When it comes to the puzzles, THOG is a buffet of challenging logic. There are roughly three types of puzzles that make up THOG’s gameplay. Firstly, you have basic puzzles, which will require Bundy to combine items together to obtain another item. Secondly, you have minor puzzles, which are solutions to progressing forward, such as using the combined items with something else (such as opening a manhole). These will often involve going between multiple locations or conversing with characters to solve. Making things easier is the ability to see what items can be interacted with, which can be done with the click of a button. From this it’s easier to gauge what items you’ll need to use.
Then you have your major puzzles, which are the ones that really test your logic. There are maybe three or four major puzzles in Part One, and they all offer a substantial challenge. Usually dealing in hidden codes, the puzzles will require some serious attention to detail and lateral thinking to solve. On a number of occasions I had to whip out the old pen and paper to test some theories. Pro tip: the solution is often simpler than you think.
Overall the puzzle design in THOG is excellent. There’s enough of a challenge here without making the solutions obscure to make you feel like a Brainiac, and the variety on offer, such as obtaining ingredients for a questionable meatball recipe or escaping from capture, helps keep the challenge fresh. All in all it took me around 10 hours to complete Part One with a couple of puzzles keeping me at bay for longer than I would care to admit. However I can see more switched on people taking between 6–7 hours to finish Part One.
The humour is mostly well written
Bundy’s puzzle-solving nous isn’t the only mechanic you’ll rely on, with Alice also playable in a couple of sequences. In these moments you’ll need to use Alice’s skills in kinesics, where she’ll observe a character’s behaviour to understand their motives. It’s a neat addition that breaks the gameplay up, but it feels a touch underused in Part One.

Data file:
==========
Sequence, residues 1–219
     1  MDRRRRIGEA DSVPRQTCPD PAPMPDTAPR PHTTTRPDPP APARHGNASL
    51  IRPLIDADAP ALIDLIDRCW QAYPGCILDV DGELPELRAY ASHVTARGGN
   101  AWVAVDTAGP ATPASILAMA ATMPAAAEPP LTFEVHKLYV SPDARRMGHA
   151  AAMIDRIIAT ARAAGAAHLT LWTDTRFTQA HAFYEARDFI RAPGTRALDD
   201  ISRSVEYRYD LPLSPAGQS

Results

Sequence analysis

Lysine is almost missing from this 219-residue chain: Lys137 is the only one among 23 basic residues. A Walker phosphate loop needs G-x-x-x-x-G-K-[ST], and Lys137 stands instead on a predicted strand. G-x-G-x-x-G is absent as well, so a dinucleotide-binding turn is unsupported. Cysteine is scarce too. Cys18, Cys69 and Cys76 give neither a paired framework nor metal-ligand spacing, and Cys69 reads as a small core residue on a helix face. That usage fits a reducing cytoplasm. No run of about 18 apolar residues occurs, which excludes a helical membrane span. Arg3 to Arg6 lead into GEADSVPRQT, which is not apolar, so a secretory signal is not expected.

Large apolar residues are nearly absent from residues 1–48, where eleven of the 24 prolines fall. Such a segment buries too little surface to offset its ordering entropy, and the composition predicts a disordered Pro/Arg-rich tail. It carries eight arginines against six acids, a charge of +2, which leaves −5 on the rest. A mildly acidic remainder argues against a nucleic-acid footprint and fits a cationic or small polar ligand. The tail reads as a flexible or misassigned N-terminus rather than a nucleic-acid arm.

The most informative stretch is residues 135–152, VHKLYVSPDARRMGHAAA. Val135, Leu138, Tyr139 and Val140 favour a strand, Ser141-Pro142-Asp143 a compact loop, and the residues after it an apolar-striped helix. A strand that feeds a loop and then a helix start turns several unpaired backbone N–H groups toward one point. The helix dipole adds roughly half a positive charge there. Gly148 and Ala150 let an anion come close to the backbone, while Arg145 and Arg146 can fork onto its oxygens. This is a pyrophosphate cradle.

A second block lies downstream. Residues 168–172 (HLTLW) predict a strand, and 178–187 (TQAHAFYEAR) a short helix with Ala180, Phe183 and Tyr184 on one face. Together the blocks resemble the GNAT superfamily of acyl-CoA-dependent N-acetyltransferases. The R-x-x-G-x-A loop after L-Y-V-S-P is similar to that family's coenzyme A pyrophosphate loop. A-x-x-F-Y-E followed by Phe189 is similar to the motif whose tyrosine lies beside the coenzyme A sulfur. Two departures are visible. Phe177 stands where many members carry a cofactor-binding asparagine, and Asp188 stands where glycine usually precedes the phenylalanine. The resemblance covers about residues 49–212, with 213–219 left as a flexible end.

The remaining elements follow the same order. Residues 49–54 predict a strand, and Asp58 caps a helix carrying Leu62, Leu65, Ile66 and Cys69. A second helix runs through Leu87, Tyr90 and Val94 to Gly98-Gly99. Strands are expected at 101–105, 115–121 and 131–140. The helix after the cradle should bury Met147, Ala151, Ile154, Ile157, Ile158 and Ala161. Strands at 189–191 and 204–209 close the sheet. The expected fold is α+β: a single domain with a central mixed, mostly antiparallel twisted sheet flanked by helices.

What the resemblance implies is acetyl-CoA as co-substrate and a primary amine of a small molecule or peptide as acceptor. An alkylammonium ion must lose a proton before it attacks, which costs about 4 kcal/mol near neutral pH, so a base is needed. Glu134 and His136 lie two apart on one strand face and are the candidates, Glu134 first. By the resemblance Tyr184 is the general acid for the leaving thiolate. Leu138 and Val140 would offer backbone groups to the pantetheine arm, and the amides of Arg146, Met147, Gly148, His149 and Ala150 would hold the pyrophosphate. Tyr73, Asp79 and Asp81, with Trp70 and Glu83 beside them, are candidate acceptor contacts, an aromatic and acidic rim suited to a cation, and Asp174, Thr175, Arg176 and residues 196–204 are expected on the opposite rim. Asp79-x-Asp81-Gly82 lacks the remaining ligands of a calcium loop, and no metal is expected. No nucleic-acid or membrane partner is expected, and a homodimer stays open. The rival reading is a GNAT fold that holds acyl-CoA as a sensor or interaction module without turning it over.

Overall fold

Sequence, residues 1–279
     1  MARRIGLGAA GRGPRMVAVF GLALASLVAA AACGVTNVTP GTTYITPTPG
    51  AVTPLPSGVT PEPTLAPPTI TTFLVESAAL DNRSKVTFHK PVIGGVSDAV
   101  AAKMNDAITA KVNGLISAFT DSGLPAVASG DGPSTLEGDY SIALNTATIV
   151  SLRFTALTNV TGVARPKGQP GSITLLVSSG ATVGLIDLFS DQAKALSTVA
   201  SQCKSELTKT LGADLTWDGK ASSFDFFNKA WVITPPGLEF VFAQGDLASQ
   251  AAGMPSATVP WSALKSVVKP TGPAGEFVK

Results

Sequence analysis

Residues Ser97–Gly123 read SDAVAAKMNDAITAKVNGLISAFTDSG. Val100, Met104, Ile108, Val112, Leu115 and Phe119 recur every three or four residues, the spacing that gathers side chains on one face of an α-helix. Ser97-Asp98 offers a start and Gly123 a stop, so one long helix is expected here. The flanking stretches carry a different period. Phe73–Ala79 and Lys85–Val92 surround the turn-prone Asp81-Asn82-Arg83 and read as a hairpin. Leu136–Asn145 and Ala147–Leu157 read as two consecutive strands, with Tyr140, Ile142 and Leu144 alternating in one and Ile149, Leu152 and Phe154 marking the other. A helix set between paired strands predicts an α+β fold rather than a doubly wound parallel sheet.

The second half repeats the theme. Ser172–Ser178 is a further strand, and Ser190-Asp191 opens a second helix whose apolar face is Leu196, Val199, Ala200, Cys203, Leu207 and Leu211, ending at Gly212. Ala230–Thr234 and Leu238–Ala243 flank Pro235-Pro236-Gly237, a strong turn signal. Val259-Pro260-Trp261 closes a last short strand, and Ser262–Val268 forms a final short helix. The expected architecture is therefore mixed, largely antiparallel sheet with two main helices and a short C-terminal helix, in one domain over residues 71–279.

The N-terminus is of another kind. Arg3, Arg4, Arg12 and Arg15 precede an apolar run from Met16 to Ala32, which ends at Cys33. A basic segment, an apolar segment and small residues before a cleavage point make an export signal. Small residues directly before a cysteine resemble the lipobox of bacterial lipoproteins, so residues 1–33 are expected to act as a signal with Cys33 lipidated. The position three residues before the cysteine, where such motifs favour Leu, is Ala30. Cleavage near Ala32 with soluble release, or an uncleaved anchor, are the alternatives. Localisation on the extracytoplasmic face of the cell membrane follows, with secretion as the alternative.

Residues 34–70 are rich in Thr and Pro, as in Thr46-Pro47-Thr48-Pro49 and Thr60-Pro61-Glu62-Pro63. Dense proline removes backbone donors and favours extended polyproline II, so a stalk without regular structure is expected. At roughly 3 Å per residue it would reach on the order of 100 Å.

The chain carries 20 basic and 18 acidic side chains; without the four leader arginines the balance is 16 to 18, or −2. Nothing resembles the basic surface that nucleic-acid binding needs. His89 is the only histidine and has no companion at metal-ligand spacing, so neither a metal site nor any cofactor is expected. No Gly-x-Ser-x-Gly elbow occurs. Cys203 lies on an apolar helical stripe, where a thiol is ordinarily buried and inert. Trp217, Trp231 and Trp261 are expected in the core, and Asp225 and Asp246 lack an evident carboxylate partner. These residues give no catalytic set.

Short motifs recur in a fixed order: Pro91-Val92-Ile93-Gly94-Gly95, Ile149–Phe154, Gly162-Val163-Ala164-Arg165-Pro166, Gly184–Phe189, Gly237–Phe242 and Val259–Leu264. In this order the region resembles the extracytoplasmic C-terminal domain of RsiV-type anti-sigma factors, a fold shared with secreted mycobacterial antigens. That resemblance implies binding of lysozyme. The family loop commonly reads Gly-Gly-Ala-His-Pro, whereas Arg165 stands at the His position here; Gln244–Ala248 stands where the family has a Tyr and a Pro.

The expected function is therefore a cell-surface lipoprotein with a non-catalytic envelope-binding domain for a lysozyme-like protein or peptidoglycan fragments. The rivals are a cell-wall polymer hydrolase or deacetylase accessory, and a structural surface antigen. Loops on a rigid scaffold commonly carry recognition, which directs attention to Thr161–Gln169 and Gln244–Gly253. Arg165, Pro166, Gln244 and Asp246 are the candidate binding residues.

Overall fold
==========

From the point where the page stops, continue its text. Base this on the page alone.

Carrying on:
Visually the game is backed by simple hand-drawn visuals that are full of bold colours, and while the art style isn’t jam-packed with detail, it does help you notice the details that do matter, such as an engraving or crack in the wall.
With the amount of dialogue often found in a point-and-click game it can be hard to catch every word. Making the game more accessible is a Relaxed Reading Mode that requires players to click on the screen to continue the dialogue. It’s only a small addition but it’s one that I’m sure people will appreciate. I know point-and-click enthusiasts will disagree, but one feature that the game would benefit from is the inclusion of a hint system. Getting stuck on a puzzle is a surefire way to sour a game’s enjoyment and sometimes all it takes is a slight nudge in the right direction to get things back on track. Of all the puzzles in THOG, there was only one instance where I would have turned to such a system, but with no such system available I turned to WellPlayed’s Kieron Verbrugge who managed to solve the puzzle in a matter of minutes using a simple solution I hadn’t even considered. As I said, the solution is always simpler than you think.
Alice, sharp as a tack
Over the years developers have shifted away from point-and-click games, but thanks to games like The Hand of Glory, which harkens back to a time when game design was simple yet full of charm and challenge, the genre has a strong future. But how well does it stack up against its peers? The answer is surprisingly well, with developers Madit Entertainment and Daring Touch crafting a point-and-click adventure that is full of style and character despite some minor flaws. Bring on Part Two.
Reviewed on PC // Kickstarter backer code used for the purpose of this review